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4. The Falls
The sound of gnashing metal blades filled Jonas’s cabin as he ground his afternoon cup of coffee. It had been a long, but uneventful week. Each night, the snows had been heavier than the last, leaving him to shovel the roof every morning to ensure it didn’t collapse. It was hard work, but the weather had kept hikers away, leaving Jonas completely alone on the mountain just the way he liked it.
Though his excursions were difficult in the more extreme weather, the solitude had allowed him to travel farther down the mountain. On the nights he was able to get out, he had gone down the more frequented hiking trails, leaving samples and marks anywhere he could. Most of it would likely be blown away by the storms, but even for the slightest chance, the effort was worth it.
He also knew that the heavy snows wouldn’t last much longer. Winter was in its final push before spring, and not long after that would be summer. As the days grew longer, hikers grew more adventurous, meaning he would have to be extra careful. There were always more ‘accidents’ during the summer. He shook off the thought and poured the coffee into a plain brown mug that read Protect Our National Parks.
Outside, the shadows were beginning to grow long. The mountain was currently in between two stormfronts, leaving clear skies for the rest of the day and into the evening. With the weather breaking, even briefly, Jonas knew he would have to head out soon. His body ached from the shoveling, but there was no getting around it, he had to use the opportunities he was afforded.
Before setting out, he flicked on the TV hoping for some good news. It had been a week since Shirley’s initial report, but so far nothing had come of it. It was a fool’s dream anyway. It didn’t take long for Jonas to realize there was nothing of merit on, just some show about trucks in the frigid north. He quickly turned it off, finished his coffee and prepared to go out.
A nagging feeling hung at the back of his brain as was often the case in the late afternoon. He put in his headphones trying to deafen it. The feeling persisted through some of the loudest music he had and grew into a sinking disappointment. He had tried not to get his hopes up, but the article in the Local Eye had so much potential. Rick Mansen still hadn’t announced where he was going next, but Jonas now believed it was anywhere but Clearwater. The thought of it made him want to stay in the cabin and drown his sorrows, but the weather was clear, and he had a job to do.
As he passed the kitchen to deposit his coffee mug, he spied the cabinet that concealed his drink. Reluctantly he passed it, knowing that the mountain was dangerous enough without it. As he gathered his things, a far more sorrowful and dark feeling gathered at the edge of his mind. This one was familiar and easy to identify. It had persisted throughout the years, and as soon as he felt it, Jonas knew there was only one solution.
He put on his snowshoes and opened the cabin door into the blinding afternoon light. White mounds of snow came up to his hips on either side. Ahead, he could barely make out the trail. Above, the sky had just begun to tint with orange as the sun made its way toward the horizon. If I hurry, I can make it before sunset. With renewed resolve, Jonas set out towards one of his favorite places on the mountain.
Clearwater Mountain was covered on its peak by a large glacier that during the summer would melt, giving way to a series of massive waterfalls just below the summit. While spectacular, their winter form was far more impressive. As the mountain grew cold, the falls would freeze, turning sparkling blue, sending jagged spikes of ice tumbling down to a great snowy field below.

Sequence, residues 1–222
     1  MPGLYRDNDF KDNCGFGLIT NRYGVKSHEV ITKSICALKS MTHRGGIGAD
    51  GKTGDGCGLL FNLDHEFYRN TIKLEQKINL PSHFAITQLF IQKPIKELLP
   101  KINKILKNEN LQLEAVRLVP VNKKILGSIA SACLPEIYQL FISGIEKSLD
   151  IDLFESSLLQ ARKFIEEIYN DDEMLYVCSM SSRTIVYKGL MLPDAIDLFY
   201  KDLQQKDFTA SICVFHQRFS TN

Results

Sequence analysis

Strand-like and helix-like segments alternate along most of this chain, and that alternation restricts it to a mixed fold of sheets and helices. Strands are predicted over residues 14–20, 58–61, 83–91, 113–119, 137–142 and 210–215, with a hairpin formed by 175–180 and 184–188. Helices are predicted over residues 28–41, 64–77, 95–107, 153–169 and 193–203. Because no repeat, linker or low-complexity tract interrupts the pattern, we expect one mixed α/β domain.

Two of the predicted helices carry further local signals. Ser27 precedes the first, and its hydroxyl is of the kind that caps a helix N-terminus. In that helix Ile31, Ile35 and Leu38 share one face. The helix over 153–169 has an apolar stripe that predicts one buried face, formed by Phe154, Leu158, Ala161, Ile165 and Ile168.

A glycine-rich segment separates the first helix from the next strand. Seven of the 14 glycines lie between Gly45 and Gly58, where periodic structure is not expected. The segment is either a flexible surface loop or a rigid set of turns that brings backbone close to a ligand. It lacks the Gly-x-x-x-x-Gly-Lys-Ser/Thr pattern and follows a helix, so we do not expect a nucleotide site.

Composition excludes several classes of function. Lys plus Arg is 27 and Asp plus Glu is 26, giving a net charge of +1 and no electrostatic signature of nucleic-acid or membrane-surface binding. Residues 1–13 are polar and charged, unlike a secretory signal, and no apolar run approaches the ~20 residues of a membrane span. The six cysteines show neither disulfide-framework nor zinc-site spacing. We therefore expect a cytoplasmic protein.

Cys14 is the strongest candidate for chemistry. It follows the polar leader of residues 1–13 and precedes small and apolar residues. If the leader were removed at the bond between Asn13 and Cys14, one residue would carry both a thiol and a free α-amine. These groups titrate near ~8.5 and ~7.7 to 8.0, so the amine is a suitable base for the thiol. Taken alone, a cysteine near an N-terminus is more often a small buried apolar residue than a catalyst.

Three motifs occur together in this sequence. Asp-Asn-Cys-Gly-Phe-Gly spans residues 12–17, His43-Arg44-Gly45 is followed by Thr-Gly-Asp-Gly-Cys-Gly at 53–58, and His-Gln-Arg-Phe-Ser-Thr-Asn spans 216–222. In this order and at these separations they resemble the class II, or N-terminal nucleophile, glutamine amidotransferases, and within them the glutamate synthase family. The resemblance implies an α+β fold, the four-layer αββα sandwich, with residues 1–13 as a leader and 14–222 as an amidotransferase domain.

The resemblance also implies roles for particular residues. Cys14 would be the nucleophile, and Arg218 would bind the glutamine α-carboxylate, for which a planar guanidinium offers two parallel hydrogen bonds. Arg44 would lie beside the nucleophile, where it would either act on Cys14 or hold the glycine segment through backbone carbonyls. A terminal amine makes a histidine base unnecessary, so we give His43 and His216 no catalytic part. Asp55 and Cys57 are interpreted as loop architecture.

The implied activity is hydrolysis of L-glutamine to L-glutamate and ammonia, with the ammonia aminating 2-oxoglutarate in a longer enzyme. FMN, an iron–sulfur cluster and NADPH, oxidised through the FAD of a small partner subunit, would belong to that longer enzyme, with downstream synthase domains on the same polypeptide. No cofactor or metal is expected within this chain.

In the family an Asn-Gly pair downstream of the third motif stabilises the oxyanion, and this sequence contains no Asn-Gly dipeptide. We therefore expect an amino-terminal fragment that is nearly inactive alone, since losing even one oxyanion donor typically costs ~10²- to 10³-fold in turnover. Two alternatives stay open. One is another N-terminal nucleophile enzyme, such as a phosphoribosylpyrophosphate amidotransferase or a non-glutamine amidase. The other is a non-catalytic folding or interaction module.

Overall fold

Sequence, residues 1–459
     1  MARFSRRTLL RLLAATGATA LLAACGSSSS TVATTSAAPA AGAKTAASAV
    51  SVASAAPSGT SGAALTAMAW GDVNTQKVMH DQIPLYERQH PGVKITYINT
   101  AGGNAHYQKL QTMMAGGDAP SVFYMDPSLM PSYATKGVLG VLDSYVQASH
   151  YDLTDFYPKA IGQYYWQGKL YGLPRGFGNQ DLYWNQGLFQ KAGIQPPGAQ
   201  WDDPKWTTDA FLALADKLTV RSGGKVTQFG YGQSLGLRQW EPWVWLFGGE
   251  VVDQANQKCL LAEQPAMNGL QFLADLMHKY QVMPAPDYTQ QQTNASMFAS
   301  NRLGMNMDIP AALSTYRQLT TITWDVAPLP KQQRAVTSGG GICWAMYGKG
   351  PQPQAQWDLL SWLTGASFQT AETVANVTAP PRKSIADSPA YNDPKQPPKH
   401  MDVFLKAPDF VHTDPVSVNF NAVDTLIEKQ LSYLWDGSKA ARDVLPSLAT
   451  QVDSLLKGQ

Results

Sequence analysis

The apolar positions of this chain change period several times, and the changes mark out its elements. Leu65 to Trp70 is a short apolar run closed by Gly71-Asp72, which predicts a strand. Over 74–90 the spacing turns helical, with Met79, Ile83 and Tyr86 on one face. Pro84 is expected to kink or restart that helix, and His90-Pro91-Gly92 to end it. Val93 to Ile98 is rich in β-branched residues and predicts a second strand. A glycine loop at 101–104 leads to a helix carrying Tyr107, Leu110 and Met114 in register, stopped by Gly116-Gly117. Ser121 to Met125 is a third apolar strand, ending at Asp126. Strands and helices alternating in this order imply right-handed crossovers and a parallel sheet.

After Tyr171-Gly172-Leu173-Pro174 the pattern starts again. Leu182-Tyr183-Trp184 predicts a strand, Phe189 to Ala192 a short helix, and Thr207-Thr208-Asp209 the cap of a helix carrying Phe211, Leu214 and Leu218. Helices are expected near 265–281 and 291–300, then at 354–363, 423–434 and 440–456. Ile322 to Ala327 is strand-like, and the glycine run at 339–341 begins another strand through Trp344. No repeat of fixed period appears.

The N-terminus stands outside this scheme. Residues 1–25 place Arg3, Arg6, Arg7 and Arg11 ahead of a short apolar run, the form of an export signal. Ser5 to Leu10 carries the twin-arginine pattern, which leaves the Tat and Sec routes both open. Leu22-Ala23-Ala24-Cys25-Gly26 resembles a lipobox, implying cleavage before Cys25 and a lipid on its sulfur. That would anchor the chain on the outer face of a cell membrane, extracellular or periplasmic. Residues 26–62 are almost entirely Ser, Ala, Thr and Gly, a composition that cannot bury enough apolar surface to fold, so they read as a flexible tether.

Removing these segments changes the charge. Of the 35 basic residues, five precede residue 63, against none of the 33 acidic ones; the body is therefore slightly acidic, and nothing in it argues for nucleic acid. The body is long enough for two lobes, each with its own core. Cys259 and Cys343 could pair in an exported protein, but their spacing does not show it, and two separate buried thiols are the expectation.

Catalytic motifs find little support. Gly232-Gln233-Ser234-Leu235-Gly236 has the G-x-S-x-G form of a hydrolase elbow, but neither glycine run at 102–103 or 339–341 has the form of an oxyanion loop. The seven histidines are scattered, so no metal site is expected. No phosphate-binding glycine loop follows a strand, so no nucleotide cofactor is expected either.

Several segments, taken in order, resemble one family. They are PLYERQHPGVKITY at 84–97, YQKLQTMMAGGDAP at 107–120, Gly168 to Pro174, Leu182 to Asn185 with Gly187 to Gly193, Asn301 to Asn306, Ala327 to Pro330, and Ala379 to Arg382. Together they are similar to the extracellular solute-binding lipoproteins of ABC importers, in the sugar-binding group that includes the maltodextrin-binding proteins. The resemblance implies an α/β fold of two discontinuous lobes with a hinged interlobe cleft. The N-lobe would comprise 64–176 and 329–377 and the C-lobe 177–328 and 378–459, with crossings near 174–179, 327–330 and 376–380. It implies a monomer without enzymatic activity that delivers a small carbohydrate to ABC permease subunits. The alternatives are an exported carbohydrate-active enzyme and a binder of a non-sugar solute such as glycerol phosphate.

The spot held a special significance for Jonas, and on days when he thought he might give up, he went there. To get to the top of the falls was no easy feat for everyday hikers, but with even a little climbing experience, it was not a problem. To the right side of the base was a rock chute, narrow, and easily scalable with the right equipment and skill.
At the edge of the main trails, Jonas donned his gear. Climbing would be more difficult in the suit, but he couldn’t risk being seen, however unlikely. From the main trail, it took him an hour to reach the field below the falls. He looked up at the deepening red in the sky and hurried across the field toward the base. As he went, he grunted and practiced his howl. It echoed off the falls and reverberated a hundred times back across the field.
Still a little shrill but getting better. He reached the bottom of the chute and looked up. A series of handholds were still in place from the last climbing season and looked stable. There was a stash of rope in a crevice nearby, but Jonas had always preferred to go without it. Taking away the lifeline made him careful and reminded him just how close the other side could be. Hand-over-hand, he began to climb. He had made the ascent dozens of times, and before long was clambering over the top onto the hard-packed ice. His arms burned a little, but he was otherwise unscathed, and just in time to see the sunset.
Further down the mountain there was a viewing platform with coin operated binoculars for those who didn’t want to make the climb. Jonas had purposefully scuffed all the lenses long ago to ensure no one would ever get a clear look at him. There had been a few grainy photographs taken by amateurs, but no one wanted to believe, making them easily dismissed.
Silhouetted atop the falls, Jonas stepped to the edge and let out his mightiest roar, beating his chest with his hands as he did so. It would have been an intimidating image, but as he suspected, the viewing platform was empty. On the horizon, churning clouds signaled the beginning of yet another storm. The sun cast them in sharp relief, painting the image of what was to come. The world descended into a hazy twilight as the last light went out of the day.